Do University Rankings Matter?

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The short answer is a little bit, but not enough to lose sleep over. There is no right way to list universities in order of worth. Each ranking will use variables that are not relevant to an individual’s experience on a particular course, and the margins of error can make the difference between universities meaningless.

While there is probably a difference between a university ranked 10th and one in 60th place, the difference between 10th and 20th is most likely negligible.

Deciding where you study is a personal choice, and for most, the course content and learning outcomes are more important than the university’s ranking. Having said this, it can still be helpful to understand what is being measured, the difference between rankings and who pays attention to them.

Who Cares About University Rankings?

Understandably, university management and prospective students are the two main groups invested in university rankings.

Universities use rankings to promote on their websites and brochures as an easy-to-present number, and prospective students use rankings to narrow down their application list and group similar universities. Nobody has the time to do in-depth research on all UK universities to understand the higher education landscape and their options.


Rankings Benefits

  • Help universities promote their strengths
  • Saves prospective students time
  • A simple way to make complex comparisons


For some of the most competitive careers in banking, finance and law, graduating from a top-10 university can increase your chances of getting an interview and placements in the big city firms. However, this is more related to the university’s overall reputation than if it’s ranked 5th or 8th in that year’s rankings.

How Are Universities Ranked?

There are two main types of rankings: the university as a whole or for specific subject areas.

Overall University Ranking

The overall ranking looks at a wide range of areas covering all university activities. They aim to give a comprehensive score encompassing all aspects of the university, from research output to student-to-staff ratios and graduate outcomes.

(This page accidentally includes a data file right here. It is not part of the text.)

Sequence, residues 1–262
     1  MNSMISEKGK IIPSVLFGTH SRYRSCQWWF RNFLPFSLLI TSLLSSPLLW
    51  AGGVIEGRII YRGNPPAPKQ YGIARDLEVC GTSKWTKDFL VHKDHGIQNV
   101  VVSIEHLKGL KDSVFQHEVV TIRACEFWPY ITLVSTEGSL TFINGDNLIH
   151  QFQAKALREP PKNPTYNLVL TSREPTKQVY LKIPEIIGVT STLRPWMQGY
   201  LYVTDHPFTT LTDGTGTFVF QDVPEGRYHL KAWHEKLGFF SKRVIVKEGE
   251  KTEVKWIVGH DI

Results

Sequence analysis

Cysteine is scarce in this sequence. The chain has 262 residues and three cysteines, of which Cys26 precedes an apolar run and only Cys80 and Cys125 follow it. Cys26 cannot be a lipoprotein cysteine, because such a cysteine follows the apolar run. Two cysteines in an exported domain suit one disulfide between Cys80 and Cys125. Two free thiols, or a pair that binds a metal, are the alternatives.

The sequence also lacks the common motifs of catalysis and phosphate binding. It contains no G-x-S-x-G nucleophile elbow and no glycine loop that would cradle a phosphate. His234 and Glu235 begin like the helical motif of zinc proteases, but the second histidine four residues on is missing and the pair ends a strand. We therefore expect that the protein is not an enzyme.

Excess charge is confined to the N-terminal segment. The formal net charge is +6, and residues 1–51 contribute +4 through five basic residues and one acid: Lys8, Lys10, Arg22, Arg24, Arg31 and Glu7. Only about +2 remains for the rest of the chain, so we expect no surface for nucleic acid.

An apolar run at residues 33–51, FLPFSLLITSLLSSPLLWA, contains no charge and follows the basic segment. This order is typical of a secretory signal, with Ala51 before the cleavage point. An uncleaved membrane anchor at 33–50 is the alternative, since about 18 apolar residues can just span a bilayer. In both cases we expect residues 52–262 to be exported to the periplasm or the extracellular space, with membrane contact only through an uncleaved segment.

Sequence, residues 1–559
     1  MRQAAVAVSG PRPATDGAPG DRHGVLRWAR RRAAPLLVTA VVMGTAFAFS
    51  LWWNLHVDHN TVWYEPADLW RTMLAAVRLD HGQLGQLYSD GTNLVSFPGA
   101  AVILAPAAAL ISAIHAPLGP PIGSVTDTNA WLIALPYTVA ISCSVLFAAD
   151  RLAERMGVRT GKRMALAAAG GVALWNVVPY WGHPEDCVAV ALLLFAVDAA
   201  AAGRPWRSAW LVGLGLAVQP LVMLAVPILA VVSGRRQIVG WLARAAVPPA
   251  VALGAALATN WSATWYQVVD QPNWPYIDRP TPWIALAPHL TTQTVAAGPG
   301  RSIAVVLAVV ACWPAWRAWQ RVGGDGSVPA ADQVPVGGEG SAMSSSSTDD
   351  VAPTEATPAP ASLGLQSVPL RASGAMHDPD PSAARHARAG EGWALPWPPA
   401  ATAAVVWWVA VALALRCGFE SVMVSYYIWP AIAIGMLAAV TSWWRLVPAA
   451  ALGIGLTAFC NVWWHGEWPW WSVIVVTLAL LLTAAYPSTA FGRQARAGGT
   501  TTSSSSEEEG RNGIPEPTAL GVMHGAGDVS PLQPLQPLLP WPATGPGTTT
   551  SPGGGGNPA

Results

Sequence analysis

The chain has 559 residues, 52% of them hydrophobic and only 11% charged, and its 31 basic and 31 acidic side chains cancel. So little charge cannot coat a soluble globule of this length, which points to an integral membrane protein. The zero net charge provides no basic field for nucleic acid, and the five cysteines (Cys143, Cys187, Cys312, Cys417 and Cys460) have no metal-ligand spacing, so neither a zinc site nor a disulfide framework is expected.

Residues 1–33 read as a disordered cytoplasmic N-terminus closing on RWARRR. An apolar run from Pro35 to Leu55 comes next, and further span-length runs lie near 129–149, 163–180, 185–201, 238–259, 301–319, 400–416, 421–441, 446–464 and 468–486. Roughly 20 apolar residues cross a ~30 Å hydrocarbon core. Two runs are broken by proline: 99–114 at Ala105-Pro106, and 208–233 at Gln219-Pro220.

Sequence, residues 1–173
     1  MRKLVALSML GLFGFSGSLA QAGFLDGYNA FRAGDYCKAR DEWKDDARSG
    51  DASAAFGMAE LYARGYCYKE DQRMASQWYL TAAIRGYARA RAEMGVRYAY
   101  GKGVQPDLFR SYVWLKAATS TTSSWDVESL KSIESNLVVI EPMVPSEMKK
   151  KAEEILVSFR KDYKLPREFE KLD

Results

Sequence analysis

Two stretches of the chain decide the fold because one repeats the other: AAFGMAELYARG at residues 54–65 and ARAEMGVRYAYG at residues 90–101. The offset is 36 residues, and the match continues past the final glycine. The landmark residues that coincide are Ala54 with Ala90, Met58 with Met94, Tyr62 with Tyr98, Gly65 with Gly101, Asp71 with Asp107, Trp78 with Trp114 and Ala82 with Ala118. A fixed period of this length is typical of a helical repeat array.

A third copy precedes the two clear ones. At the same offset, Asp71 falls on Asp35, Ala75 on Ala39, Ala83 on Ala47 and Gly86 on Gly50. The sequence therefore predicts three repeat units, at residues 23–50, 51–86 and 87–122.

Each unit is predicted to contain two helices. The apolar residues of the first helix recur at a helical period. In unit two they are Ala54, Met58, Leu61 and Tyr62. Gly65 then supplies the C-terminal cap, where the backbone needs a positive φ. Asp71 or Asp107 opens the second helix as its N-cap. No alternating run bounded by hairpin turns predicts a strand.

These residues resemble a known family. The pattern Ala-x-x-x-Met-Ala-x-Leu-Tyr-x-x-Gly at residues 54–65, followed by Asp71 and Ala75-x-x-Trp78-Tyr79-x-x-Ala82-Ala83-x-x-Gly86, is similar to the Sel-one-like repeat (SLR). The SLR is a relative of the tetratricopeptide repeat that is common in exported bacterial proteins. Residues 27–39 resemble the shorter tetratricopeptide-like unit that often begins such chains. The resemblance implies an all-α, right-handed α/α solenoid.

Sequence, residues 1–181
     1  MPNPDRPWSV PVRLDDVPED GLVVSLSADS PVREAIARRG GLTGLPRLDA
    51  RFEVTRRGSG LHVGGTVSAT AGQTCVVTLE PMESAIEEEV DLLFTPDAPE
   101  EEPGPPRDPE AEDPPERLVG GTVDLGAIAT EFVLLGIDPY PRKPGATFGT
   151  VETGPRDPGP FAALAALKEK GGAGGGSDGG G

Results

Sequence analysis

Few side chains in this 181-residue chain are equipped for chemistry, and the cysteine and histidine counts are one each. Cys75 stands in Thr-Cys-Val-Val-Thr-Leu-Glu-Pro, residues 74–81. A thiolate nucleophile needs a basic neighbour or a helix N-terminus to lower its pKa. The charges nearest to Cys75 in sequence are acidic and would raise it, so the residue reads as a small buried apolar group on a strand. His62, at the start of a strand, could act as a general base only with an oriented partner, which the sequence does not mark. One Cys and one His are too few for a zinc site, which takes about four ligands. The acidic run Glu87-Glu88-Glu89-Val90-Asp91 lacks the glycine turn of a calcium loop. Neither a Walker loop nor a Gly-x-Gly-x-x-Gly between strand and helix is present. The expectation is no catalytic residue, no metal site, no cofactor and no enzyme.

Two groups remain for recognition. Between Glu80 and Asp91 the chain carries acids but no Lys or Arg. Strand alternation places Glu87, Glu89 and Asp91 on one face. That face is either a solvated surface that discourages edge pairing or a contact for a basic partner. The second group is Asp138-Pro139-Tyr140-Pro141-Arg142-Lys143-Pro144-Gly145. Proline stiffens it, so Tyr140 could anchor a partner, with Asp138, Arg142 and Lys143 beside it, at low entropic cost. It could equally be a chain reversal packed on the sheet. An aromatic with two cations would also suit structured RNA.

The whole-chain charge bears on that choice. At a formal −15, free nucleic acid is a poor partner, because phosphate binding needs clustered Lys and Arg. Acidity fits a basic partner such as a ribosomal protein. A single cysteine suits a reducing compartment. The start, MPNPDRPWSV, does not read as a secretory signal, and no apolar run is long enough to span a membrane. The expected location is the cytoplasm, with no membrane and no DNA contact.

Subject Area Ranking

These rankings focus on the performance of universities in a particular academic discipline or field of study. Subject area rankings often differ significantly from overall rankings. It is common for top-10 universities to score poorly in some subjects, while lower-ranked universities can top the rankings in an individual subject.

What Is Being Ranked?

Universities are complex organisations, and each is unique, making comparing hundreds of institutions an art more than a science. The biggest challenges for the ranking bodies are getting consistent data and enough of it. Most rankings are based on all or a combination of the following.

  • Entry standards
  • Student-staff ratios
  • Spending on academic services
  • Facilities spending
  • Graduate prospects- employment and earnings
  • Continuation to further study
  • International student enrolments
  • Research Output/ Quality
  • Student Satisfaction Surveys


International or global rankings have even more of a challenge as they need to standardise individual country data to make valid comparisons and give each university a quantitative score.

Which is More Important- Subject Area Rankings vs. Overall University Rankings?